Farm Bill letter, Mille Lacs dispute, and the Sportsmen’s Heritage Act

Rob DriesleinA quick grab bag of bloggy items from your humble managing editor.

Farm Bill letter from groups

The commentary slot (Page 2) in this week’s print edition of Outdoor News contained a letter urging U.S. House and Senate leadership to support a strong conservation title in the 2012 Farm Bill. More than 500 organizations signed the letter, but at the end, I only had space to list some of the big ones that Minnesota readers might recognize.

You can see the full letter and the complete list of national, state and local organizations that signed it here.

Letter from DNR to bands regarding Mille Lacs fishery

Big news this week for folks who have followed the 1837 Treaty lawsuit and resulting management of the Ceded Territory the past 20 years. Since the story broke that the DNR would challenge portions of the bands’ new five-year plan, Dennis Anderson has written about it twice in the Star Tribune. My column in the print edition of Outdoor News focused exclusively on this topic, and Tim Spielman has a long story about it, too, which you can read here.

The starting point for these stories is a June 11 letter that DNR Fisheries sent to the bands outlining their concerns with band fishing methodologies and protocols.

For those of you who truly can’t get enough of Mille Lacs issues and treaty debate, here’s the Chippewa’s Treaty Fisheries Plan for the next five years.

Expect ample coverage of how this dispute will shake out during the treaty technical committee meeting(s) in July, and beyond.

Sportsmen’s Heritage Act

I’m naturally cynical of any legislation with a title that sounds too good to be true.  Therefore, I was somewhat skeptical of the Sportsmen’s Heritage Act until the Theodore Roosevelt Conservation Partner gave it the thumbs-up earlier this year. The TRCP hasn’t steered me wrong yet on any national policy, and I trust the group’s judgment on matters of conservation.
For more background, Tim Spielman wrote about the Sportsmen’s Heritage Act back in May.

The U.S. House passed its version (HF4089) of the Heritage Act on April 17, but this week, some wilderness advocates were claiming the bill could mean rampant, or at least additional, motorized use in the nation’s wilderness areas.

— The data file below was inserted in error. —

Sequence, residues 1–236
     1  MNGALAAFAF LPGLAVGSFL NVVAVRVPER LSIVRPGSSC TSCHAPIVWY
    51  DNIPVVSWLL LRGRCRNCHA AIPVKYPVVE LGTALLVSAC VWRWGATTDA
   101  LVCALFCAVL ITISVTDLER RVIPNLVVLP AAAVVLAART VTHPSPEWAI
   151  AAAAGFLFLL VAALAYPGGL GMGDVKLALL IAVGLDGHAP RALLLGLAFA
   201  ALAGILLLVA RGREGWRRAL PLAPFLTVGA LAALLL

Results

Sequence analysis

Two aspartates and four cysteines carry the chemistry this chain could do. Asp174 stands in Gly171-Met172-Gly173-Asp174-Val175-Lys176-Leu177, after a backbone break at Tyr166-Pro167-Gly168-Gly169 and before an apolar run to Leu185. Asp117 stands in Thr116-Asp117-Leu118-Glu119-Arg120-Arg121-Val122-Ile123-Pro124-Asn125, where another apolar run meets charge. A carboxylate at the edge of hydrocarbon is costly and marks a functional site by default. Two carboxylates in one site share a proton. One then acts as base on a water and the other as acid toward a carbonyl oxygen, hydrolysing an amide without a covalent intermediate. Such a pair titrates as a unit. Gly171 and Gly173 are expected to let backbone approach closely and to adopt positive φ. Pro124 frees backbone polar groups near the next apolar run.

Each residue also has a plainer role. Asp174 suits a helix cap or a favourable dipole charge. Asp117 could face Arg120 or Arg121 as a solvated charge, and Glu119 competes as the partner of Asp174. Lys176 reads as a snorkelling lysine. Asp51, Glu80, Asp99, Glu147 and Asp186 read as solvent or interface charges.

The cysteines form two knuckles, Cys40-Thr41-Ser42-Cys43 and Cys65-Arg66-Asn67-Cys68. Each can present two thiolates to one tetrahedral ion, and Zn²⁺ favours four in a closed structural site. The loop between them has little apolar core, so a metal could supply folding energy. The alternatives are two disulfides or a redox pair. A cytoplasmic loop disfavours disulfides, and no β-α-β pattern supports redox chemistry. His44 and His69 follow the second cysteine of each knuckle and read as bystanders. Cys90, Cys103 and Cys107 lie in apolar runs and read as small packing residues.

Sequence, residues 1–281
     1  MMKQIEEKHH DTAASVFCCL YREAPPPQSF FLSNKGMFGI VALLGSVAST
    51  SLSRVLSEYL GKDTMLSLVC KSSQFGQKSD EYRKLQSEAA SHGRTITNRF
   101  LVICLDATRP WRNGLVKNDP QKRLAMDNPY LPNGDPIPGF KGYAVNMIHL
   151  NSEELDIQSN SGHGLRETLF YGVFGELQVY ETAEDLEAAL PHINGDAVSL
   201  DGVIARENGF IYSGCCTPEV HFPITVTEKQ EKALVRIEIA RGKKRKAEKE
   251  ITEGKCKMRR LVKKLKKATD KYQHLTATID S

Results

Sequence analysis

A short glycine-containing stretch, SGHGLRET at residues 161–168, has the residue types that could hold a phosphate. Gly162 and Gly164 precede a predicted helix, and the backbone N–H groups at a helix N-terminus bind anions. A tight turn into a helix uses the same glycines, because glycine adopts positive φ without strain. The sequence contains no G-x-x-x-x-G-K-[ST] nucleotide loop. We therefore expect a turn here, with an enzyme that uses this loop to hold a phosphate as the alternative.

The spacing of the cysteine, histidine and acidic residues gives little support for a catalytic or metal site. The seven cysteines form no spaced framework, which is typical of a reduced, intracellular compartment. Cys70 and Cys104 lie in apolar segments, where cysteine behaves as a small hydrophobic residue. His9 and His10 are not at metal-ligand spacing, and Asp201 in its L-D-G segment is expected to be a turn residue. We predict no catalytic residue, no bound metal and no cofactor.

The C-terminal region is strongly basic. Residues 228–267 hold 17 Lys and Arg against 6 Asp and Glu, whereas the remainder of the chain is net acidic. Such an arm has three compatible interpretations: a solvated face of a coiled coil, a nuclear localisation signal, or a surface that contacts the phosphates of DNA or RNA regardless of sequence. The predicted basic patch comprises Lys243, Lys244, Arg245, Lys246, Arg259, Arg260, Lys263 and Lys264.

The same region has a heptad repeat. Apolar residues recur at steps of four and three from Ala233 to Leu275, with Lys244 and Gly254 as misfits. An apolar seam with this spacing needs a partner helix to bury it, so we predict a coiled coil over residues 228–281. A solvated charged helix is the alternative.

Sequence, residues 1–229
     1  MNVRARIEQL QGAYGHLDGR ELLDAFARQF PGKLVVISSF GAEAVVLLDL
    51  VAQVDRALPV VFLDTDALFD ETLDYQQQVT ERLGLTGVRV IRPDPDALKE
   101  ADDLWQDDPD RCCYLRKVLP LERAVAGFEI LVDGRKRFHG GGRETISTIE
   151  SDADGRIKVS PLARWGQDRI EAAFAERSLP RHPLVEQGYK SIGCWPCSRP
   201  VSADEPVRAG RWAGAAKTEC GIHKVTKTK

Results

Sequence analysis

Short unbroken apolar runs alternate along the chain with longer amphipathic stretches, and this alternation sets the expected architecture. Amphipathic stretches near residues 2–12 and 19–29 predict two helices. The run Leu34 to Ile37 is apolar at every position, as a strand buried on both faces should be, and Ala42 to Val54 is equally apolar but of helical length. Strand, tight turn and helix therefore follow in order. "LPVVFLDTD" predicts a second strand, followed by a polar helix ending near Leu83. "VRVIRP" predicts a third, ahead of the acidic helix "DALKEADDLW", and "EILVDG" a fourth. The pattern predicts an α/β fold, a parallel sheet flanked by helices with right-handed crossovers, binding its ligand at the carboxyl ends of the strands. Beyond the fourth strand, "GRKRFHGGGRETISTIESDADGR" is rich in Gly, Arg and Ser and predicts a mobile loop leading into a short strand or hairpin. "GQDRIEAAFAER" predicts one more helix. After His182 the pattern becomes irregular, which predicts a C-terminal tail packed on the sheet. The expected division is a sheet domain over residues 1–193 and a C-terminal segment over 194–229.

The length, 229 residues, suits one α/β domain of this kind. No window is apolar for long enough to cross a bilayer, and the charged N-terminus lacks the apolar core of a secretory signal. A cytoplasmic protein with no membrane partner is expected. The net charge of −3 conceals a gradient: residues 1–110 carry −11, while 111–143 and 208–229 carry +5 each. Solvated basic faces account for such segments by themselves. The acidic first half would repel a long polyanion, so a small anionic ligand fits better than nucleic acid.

Kevin Proescholdt, conservation director of Montana-based Wilderness Watch and former head of Friends of the Boundary Waters told Dennis Lien of the St. Paul Pioneer Press, “I think it’s probably the most serious threat to the Wilderness Act since it passed in 1964.”

Now, I’ve long believed in multiple-use public lands where motorized users – hunters and otherwise – can have their fun. But I’m protective of the BWCA and other wilderness country where I, and thousands of others, enjoy challenging ourselves with a little self-propulsion. If I thought the Sportsmen’s Heritage Act would threaten the solitude, quiet, and generally untrampled vibe of the nation’s wilderness areas, I’d oppose it.

So I called Bill Horn, director of federal affairs for the Ohio-based U.S. Sportsmen’s Alliance, for his take. USSA has been a staunch advocate for the bill and a good source for Outdoor News through the years. Horn insists the Act will not mean additional motorized use in wilderness areas. He’s frustrated by the opposition and says the bill has been carefully drafted to correct some bad rulings that have come from the U.S. 9th Circuit Court of Appeals. Those rulings, USSA says, had an adverse effect on nonmotorized use within the nation’s wilderness areas.

“The language that corrects that does nothing to open to motorized use,” said Horn, who noted the support of TRCP.

So I called the TRCP’s Tom Franklin, senior director of science and policy, to reiterate his organization’s position on the bill.

Like me, he says TRCP doesn’t want to see wilderness compromised by inappropriate mechanized use, but the group likes the bill’s general emphasis, demanding more attention and weight to prioritizing hunting and fishing on public lands.

After the House version passed, Franklin said, TRCP reviewed it, and the group found it does have some concerns that the language is a bit too ambiguous regarding wilderness. The organization focused on the Senate version and has supported a proposed amendment to the 2012 Farm Bill that would eliminate that ambiguity.

“We would certainly want to have some language to reduce that ambiguity to ensure wilderness areas aren’t impacted by motorized recreation,” Franklin said.

Unfortunately this week, that amendment, sponsored by Sens. Jon Tester of Montana and John Thune of South Dakota, was excluded from consideration. Franklin and TRCP hope to find another way to move that language, but now he believes the bill has little possibility of becoming law in this Congress.

“They likely won’t attach it to the Farm Bill, and there are not a lot of vehicles to move this, so I would say it’s unlikely that it will pass this year,” Franklin said.

I don’t think most supporters of this bill want more motorized use in the nation’s wilderness areas, so I would simply urge supporters to make sure – 100 percent – that’s clear in the final version of the Sportsmen’s Heritage Act, whenever it passes.

Categories: Rob Drieslein

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